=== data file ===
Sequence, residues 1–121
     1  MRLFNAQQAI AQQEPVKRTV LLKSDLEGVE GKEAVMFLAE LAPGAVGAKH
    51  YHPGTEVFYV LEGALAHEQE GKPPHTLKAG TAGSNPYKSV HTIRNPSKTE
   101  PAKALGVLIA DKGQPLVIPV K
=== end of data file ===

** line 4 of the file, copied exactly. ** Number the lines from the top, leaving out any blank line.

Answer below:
   101  PAKALGVLIA DKGQPLVIPV K